Little help with macro definitions for debug messages

Martin Bittencourt  

Hi,

I have many Print debug messages in some of my codes I'd like to have them removed when compiling a "relase version". In order to avoid comment many lines, the normal strategy I have in mind is to use preprocessor directives as follows:

#define  DEBUG_MSG

#ifdef DEBUG_MSG
Print("Test");
#endif

The problem with the above line of code is that it has 3 lines, making the code a little "dirty", and I'd like to keep it clean by diminishing it to only one line. Using that with and if clause would be simple:

//above code
#define DEBUG_MSG(_M) if (false) _M //true or false depending on me wanting to debug or not

//in code
DEBUG_MSG(Print("Test");)

The problem with that above solution, AFAIK, is that the "if (false)" before every debug message will consume some processing time and I'd like to avoid that unnecessary CPU consumption. A solution like the first one, where the entire print debug code is removed from the compiled code, is preferable. But how to do it? I thought about putting the entire #ifdef inside a define like as follows:

//above code
#define USE_DEBUG_MSG
#define DEBUG_MSG(_M) #ifdef USE_DEBUG_MSG _M #endif

//in code
DEBUG_MSG(Print("Test");)

Now when I compile the code with only the define parts, it compiles fine. If I go to the code and, with a single line, write "

#ifdef USE_DEBUG_MSG Print("Test"); #endif

, it runs fine. But the moment I try to call the debug message, it gives me errors:

macro argument expected instead of 'ifdef'      MW MyIndicator.mq5  39      21
macro argument expected instead of 'endif'      MW MyIndicator.mq5  39      60
'MW SomeLibrary.mq5' SomeLibrary.mq5   1       1
'ifdef' - unexpected token      MW MyIndicator.mq5  574     4
'endif' - unexpected token      MW MyIndicator.mq5  574     4

So, is there a way to implement what I want? Or if my desire is to keep the debug messages in just one line, I'l have to use the if(true) / if(false) way?

Lorentzos Roussos  
Martin Bittencourt:

Hi,

I have many Print debug messages in some of my codes I'd like to have them removed when compiling a "relase version". In order to avoid comment many lines, the normal strategy I have in mind is to use preprocessor directives as follows:

The problem with the above line of code is that it has 3 lines, making the code a little "dirty", and I'd like to keep it clean by diminishing it to only one line. Using that with and if clause would be simple:

The problem with that above solution, AFAIK, is that the "if (false)" before every debug message will consume some processing time and I'd like to avoid that unnecessary CPU consumption. A solution like the first one, where the entire print debug code is removed from the compiled code, is preferable. But how to do it? I thought about putting the entire #ifdef inside a define like as follows:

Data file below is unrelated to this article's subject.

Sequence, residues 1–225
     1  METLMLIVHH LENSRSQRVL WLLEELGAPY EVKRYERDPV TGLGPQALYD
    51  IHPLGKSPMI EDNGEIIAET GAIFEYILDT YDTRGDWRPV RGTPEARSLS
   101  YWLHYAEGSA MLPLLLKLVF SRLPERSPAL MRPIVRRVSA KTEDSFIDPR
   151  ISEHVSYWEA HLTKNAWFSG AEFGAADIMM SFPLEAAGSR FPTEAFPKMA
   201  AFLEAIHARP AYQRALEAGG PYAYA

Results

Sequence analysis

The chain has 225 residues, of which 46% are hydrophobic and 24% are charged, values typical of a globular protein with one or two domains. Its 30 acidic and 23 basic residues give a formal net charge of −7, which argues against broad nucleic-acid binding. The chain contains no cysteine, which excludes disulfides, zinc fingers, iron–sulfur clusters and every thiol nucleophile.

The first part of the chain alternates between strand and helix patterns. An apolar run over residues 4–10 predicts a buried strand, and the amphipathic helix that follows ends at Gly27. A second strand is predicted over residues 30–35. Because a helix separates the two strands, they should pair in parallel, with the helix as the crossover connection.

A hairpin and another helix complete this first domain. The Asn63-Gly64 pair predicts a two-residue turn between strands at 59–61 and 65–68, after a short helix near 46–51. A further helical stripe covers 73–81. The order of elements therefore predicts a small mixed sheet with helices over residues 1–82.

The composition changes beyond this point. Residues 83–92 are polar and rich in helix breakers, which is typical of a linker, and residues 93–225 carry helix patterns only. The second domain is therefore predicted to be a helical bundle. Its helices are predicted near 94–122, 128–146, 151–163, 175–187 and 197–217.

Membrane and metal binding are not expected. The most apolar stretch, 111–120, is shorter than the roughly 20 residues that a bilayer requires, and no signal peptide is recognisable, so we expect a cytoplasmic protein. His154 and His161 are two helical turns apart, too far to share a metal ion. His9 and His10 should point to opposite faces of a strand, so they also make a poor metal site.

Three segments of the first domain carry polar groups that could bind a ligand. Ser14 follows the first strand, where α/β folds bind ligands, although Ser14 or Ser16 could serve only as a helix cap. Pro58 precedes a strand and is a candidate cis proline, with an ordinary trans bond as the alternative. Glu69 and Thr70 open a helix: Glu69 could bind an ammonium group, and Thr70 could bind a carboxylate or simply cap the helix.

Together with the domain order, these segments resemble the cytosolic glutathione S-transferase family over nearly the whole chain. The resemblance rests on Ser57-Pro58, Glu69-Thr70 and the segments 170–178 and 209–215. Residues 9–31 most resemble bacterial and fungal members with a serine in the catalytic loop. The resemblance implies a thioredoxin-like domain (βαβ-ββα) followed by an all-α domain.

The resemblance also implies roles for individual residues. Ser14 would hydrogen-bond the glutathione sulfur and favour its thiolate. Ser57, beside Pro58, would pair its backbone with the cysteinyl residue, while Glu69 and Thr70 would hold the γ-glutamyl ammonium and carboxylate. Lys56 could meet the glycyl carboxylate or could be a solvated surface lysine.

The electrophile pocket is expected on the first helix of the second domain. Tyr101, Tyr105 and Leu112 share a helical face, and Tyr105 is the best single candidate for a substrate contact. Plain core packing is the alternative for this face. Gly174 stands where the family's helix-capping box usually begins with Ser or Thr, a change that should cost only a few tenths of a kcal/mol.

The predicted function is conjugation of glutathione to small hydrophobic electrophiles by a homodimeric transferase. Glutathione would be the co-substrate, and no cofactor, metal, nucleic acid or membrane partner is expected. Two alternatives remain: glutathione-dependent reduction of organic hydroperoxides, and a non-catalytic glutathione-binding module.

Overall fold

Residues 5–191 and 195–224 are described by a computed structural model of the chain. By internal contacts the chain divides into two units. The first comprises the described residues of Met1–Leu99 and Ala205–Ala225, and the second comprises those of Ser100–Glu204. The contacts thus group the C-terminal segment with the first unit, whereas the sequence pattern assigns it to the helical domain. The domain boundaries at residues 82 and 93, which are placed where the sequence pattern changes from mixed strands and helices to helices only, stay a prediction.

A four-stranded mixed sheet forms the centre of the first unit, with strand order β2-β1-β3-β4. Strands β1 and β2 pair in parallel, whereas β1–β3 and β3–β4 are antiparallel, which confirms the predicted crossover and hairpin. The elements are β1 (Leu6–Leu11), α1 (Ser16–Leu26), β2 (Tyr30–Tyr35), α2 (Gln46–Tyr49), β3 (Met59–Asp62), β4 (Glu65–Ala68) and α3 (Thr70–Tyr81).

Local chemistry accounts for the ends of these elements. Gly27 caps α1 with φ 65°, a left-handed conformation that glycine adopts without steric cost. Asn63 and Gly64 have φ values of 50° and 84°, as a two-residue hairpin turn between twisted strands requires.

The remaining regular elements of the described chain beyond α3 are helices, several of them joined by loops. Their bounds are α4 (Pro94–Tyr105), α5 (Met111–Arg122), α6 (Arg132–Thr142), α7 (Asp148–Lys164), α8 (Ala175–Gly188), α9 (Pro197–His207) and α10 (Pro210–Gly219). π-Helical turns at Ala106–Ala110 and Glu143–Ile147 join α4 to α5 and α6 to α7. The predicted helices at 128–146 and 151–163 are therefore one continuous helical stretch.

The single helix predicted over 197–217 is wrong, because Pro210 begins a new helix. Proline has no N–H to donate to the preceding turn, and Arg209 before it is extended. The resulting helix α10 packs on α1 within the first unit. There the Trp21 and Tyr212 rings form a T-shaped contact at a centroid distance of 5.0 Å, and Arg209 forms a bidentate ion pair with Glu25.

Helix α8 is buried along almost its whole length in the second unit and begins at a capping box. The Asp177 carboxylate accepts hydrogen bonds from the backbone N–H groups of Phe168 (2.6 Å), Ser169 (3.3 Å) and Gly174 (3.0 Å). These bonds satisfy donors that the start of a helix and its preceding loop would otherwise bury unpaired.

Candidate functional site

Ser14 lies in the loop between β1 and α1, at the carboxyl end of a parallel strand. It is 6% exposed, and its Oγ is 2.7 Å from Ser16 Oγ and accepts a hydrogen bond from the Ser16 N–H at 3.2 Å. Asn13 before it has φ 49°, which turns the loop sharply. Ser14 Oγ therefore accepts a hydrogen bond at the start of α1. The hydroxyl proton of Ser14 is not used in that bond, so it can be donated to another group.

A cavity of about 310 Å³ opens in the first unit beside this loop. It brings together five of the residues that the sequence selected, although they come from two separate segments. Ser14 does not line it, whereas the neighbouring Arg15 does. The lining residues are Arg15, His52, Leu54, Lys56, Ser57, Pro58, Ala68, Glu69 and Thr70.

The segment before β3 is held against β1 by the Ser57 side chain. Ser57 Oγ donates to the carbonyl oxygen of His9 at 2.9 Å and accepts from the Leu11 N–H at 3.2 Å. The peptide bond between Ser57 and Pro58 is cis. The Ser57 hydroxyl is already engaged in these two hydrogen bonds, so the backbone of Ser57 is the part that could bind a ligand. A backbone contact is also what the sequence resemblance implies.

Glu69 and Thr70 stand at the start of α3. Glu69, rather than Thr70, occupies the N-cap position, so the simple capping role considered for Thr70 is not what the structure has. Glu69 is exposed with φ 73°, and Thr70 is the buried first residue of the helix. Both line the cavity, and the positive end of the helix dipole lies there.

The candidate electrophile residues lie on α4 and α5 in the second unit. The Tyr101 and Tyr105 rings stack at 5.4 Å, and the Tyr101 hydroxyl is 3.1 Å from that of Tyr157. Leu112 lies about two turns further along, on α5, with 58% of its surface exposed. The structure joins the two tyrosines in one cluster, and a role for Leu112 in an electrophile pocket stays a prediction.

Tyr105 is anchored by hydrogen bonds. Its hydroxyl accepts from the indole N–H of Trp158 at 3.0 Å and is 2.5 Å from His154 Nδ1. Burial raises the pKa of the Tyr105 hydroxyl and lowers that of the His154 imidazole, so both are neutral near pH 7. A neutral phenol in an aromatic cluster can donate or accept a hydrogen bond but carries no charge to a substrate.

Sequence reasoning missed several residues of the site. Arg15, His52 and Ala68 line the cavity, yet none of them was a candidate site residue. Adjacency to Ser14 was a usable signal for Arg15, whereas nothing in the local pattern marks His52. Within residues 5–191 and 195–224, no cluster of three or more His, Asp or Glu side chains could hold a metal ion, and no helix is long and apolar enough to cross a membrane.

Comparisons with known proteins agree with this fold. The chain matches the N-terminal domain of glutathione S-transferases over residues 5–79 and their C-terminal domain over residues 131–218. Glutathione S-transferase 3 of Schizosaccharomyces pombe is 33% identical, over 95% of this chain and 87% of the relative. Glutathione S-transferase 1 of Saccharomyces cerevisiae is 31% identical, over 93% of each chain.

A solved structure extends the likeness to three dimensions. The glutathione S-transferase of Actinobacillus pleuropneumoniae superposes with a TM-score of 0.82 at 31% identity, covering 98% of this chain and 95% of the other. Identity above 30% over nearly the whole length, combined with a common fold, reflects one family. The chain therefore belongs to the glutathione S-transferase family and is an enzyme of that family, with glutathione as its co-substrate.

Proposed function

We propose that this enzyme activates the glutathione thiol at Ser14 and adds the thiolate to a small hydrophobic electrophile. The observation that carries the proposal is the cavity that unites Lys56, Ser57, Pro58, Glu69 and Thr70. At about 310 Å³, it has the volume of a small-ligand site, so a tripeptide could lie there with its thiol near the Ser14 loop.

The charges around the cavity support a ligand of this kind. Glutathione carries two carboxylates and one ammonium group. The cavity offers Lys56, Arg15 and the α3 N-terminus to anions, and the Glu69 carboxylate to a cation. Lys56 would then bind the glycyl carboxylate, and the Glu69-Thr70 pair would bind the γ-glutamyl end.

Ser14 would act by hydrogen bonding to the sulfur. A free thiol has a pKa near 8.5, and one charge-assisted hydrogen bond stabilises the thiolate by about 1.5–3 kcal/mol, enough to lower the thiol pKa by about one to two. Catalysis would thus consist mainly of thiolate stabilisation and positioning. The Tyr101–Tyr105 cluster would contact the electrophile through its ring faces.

Now when I compile the code with only the define parts, it compiles fine. If I go to the code and, with a single line, write "

, it runs fine. But the moment I try to call the debug message, it gives me errors:

So, is there a way to implement what I want? Or if my desire is to keep the debug messages in just one line, I'l have to use the if(true) / if(false) way?

Hello , you can do : 

#define DEBUG_MSG true
void DebugPrint(string message){
if(DEBUG_MSG){
Print(message);
}}

then replace all Print( with DebugPrint( 

That is if you don't mind accessing the DebugPrint function

If you do mind use this : 

#define USE_DEBUG_MSG
#ifdef USE_DEBUG_MSG
#define DEBUG_MSG(_M) _M 
#else 
#define DEBUG_MSG(_M)
#endif 

//in code

//+------------------------------------------------------------------+
//| Expert initialization function                                   |
//+------------------------------------------------------------------+
int OnInit()
  {
//--- create timer
   EventSetTimer(60);
   Print("Bread Above");
   DEBUG_MSG(Print("Hamburger");)
   Print("Bread Below");
//---
   return(INIT_SUCCEEDED);
  }
Martin Bittencourt  
Lorentzos Roussos #:

Hello , you can do : 

then replace all Print( with DebugPrint( 

That is if you don't mind accessing the DebugPrint function

If you do mind use this : 

Hmm I liked your second alternative! Thanks! :)

Lorentzos Roussos  
Martin Bittencourt #:

Hmm I liked your second alternative! Thanks! :)

yeah my job is inspiring sometimes.

you are welcome :)

Reason: